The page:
Summer Play Festival

From Wikipedia, the free encyclopedia

The Summer Play Festival (SPF) was a theatre festival held in New York, USA.


The annual four-week Summer Play Festival took place during the summer months at the Public Theater in New York City. It was founded by Broadway producer Arielle Tepper Madover and staged new plays and musicals by emerging writers.[1][2] The first Summer Play Festival was presented in 2004, introducing a $10 ticket price that was a key feature of the event for its entire run. A year later in 2005, The Living Room for Artists, Inc. was formed as a non-profit organization to ensure that the Festival perpetuates its goals, and whose central mission is to both fuel the growth of emerging theatre artists and encourage people of all ages to create, attend and work in the theatre. [3] Unlike the New York International Fringe Festival, there was no application fee and each production was allotted a significant budget. The SPF organization handled all the marketing and maintained no long-term rights to the plays and musicals showcased. The Festival's advertising blanketed New York during the summer, with television, newspaper, and magazine ads. Bus stops and street posters also advertised the event.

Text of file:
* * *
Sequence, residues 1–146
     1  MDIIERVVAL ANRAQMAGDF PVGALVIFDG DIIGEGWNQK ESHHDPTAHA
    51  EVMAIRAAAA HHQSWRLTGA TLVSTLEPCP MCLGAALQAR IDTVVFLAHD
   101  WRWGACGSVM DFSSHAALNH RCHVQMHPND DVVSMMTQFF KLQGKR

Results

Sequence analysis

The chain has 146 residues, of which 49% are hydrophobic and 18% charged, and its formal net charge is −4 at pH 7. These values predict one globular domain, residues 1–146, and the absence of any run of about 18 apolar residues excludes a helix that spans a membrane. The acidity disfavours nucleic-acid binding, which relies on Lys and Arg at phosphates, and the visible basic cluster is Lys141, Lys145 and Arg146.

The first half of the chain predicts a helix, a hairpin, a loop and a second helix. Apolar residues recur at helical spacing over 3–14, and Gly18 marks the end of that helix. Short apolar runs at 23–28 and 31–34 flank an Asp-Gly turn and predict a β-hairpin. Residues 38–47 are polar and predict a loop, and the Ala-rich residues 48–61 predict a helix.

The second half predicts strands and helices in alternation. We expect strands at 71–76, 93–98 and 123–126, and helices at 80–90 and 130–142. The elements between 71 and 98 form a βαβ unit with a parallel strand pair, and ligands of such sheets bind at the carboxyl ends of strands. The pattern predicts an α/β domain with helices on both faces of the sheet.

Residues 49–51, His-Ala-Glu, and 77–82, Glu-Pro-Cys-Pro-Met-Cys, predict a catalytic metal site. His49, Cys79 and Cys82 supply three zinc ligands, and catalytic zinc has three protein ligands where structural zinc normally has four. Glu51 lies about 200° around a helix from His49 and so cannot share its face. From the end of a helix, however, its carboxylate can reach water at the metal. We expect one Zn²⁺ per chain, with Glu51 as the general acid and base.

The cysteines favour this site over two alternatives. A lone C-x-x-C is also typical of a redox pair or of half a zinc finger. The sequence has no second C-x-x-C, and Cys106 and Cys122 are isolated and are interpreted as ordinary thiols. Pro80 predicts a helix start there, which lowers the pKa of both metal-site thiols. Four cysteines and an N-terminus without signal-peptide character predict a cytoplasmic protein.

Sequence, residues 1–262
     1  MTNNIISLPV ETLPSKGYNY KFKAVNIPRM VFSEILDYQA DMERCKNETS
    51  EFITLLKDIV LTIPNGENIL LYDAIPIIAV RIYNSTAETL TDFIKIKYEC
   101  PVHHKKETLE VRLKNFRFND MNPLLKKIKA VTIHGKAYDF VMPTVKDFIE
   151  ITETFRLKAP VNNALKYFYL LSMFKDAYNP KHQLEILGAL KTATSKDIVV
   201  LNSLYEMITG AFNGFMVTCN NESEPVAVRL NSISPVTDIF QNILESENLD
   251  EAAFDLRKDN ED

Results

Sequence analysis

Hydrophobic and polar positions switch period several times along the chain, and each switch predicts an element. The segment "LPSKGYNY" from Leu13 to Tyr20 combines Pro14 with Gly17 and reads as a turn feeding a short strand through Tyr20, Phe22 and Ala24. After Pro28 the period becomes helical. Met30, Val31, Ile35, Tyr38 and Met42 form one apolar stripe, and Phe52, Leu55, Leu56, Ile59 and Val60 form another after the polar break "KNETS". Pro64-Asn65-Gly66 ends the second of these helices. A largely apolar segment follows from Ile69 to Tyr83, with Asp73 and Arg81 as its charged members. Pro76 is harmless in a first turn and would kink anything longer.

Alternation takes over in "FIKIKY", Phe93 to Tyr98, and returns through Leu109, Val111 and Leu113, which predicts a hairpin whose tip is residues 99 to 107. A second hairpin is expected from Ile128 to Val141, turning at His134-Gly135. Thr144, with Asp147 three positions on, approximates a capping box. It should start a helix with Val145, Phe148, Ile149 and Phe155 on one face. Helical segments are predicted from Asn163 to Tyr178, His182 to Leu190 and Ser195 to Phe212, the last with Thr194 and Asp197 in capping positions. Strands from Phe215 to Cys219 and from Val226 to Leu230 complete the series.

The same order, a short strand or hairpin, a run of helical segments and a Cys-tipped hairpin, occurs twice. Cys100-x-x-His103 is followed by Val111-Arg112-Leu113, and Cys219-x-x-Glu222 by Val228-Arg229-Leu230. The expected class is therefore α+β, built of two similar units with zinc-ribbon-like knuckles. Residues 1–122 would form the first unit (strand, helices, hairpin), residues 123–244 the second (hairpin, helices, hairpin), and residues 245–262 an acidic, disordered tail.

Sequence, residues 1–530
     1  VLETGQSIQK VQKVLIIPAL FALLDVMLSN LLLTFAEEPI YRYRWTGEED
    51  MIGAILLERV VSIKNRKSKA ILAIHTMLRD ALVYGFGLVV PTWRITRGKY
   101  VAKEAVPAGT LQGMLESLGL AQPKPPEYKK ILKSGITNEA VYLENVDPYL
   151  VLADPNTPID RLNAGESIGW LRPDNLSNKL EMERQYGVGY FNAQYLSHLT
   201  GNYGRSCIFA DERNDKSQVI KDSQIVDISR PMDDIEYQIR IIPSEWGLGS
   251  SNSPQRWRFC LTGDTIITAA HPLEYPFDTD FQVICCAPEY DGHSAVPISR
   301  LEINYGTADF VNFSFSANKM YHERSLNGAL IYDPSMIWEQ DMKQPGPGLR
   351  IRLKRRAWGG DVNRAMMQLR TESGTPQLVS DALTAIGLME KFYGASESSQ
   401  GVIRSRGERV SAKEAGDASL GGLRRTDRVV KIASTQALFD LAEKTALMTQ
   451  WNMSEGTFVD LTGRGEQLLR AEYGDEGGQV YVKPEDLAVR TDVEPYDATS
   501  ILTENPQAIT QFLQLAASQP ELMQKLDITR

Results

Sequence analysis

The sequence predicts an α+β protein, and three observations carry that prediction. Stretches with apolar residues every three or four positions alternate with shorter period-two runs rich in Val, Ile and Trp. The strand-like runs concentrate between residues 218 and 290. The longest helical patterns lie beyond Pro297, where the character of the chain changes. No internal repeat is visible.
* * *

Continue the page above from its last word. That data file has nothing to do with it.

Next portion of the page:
100 emerging playwrights and composers, and around 1000 directors, designers, and other theatre artists worked at the Festival during its six-year run. The Festival had a successful track record in identifying emerging talent: SPF’s writers and artists have gone on to receive numerous awards and accolades, and productions on Broadway, off-Broadway, regionally and internationally. Many have also developed projects with major film and television companies. The New York Times, Variety, and numerous other newspapers lauded Tepper's vision of creating affordable theatre for audiences, and a unique creative opportunity for emerging and established artists.

Other Festival programs included concerts, panels, salons, and forums developed in conjunction with Time Out New York and the NYC Mayor's Office of Film, Theatre and Broadcasting, a university internship program, a play commissioning program, and residency programs with the Donmar Warehouse,[4] the National Theatre of Great Britain, and a number of Festivals in Europe.